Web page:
The Company incurred $1.1 million of debt issuance costs in connection with the private placement. On August 10, 2018, the Company finalized an amended and restated intercreditor agreement related to this private placement to more closely align certain covenants and definitions with the terms under the 2017 amended and restated Credit Agreement and incurred $0.5 million of additional issuance costs. These costs are presented as a direct deduction from the debt on the face of the consolidated balance sheets.  Interest expense related to the Senior Notes for the three months ended March 31, 2022 and March 31, 2021 was $2.6 million and $3.2 million, respectively.  The amortization of debt issuance costs and interest expense is recorded in “Interest expense” on the consolidated statements of income. The Company paid the $50 million Series A tranche of the Senior Note as scheduled in July 2021. The Company made interest payments of $5.1 million and $6.2 million for the three months ended March 31, 2022 and March 31, 2021, respectively.  Interest payable of $2.2 million and $4.7 million is recorded in “Accrued expenses and other current liabilities” on the consolidated balance sheets at March 31, 2022 and December 31, 2021, respectively, related to the Senior Notes.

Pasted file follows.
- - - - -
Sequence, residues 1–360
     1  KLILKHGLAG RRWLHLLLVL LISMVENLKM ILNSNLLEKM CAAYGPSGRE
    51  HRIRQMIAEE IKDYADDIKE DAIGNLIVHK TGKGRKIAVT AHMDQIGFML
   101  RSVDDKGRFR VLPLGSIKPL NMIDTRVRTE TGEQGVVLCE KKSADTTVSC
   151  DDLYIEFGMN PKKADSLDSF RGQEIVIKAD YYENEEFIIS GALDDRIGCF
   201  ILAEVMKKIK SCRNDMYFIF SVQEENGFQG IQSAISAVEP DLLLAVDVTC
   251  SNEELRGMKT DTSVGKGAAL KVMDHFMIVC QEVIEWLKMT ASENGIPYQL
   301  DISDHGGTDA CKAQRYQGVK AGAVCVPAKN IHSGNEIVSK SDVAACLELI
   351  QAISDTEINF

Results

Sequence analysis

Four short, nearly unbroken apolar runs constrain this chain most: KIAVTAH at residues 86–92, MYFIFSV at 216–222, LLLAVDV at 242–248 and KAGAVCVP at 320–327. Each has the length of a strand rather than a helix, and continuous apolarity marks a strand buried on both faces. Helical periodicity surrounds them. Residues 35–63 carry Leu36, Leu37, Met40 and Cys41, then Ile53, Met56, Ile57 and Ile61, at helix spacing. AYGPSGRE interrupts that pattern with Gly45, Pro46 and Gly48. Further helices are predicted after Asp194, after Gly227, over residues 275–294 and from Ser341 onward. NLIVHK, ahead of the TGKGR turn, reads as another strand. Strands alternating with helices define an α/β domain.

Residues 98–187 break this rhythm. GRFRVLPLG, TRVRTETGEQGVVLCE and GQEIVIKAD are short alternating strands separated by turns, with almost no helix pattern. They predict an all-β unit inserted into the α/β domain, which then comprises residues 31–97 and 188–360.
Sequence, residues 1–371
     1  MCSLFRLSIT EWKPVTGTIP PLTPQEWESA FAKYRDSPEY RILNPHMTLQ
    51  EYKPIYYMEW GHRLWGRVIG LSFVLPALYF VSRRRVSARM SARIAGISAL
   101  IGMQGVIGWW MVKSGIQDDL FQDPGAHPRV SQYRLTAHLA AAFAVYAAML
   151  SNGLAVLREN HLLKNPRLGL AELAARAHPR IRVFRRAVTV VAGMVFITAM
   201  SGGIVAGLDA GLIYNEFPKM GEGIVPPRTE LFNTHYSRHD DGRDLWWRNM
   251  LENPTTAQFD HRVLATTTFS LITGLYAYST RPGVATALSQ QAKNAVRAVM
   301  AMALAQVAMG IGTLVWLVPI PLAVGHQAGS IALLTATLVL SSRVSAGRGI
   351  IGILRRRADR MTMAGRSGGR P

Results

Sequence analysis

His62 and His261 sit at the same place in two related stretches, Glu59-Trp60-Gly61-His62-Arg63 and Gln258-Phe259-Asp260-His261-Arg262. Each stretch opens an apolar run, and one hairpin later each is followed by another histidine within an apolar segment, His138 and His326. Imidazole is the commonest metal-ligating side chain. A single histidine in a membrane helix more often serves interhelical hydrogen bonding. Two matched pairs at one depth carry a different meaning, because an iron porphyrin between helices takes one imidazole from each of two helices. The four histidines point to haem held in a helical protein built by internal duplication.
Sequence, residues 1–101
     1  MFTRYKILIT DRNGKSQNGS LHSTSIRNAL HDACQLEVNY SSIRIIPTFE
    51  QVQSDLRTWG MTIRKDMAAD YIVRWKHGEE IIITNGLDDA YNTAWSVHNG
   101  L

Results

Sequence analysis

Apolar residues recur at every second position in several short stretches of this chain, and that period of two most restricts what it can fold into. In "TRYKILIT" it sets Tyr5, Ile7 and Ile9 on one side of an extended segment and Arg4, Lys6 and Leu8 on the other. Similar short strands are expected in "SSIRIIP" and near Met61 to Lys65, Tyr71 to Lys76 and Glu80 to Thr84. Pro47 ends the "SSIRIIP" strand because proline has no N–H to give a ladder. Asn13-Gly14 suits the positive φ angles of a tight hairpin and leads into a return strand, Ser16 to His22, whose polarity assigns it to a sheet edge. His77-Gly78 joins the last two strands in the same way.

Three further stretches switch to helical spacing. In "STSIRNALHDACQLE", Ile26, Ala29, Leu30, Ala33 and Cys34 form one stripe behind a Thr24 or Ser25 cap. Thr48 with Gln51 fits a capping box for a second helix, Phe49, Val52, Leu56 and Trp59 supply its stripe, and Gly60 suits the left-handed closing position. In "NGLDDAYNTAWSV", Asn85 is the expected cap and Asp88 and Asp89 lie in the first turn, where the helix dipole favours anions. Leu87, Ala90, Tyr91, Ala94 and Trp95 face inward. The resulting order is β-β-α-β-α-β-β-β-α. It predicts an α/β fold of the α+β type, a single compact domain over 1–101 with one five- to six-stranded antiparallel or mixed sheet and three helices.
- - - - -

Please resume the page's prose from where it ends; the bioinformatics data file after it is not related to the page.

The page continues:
13


 

Using a discounted cash flow technique that incorporates a market interest yield curve with adjustments for duration, optionality, and risk profile, the Company estimated that the fair value (Level 2) of its Senior Notes at March 31, 2022 approximates $208.4 million. See “Note 16 – Fair Value of Financial Instruments” for the definition of Level 2 of the fair value hierarchy.

The Credit Agreement and private placement includes various covenants, including restrictions on indebtedness, liens, acquisitions, investments or dispositions, payment of dividends and maintenance of certain financial ratios and conditions. The Company was in compliance with these covenants at March 31, 2022 and December 31, 2021.

The Company also has in place several secondary bank credit lines for issuing letters of credit, principally for foreign contracts, to support performance and completion guarantees. Letters of credit commitments outstanding under these bank lines aggregated $220.6 million and $223.0 million at March 31, 2022 and December 31, 2021, respectively.

 

Convertible Senior Notes

In August 2020, the Company issued an aggregate $400.0 million of 0.25% Convertible Senior Notes due 2025, including the exercise of a $50.0 million initial purchasers’ option. The Company received proceeds from the issuance and sale of the Convertible Senior Notes of $389.7 million, net of $10.3 million of transaction fees and other third-party offering expenses. The Convertible Senior Notes accrue interest at a rate of 0.25% per annum, payable semi-annually on February 15 and August 15 of each year beginning on February 15, 2021, and will mature on August 15, 2025, unless earlier repurchased, redeemed or converted.

The Convertible Senior Notes are the Company’s senior unsecured obligations and will rank senior in right of payment to any of the Company’s indebtedness that is expressly subordinated in right of payment to the Notes; equal in right of payment to any of the Company’s unsecured indebtedness that is not so subordinated; effectively junior in right of payment to any of the Company’s secured indebtedness, to the extent of the value of the assets securing such indebtedness; and structurally junior to all indebtedness and other liabilities (including trade payables) of the Company’s subsidiaries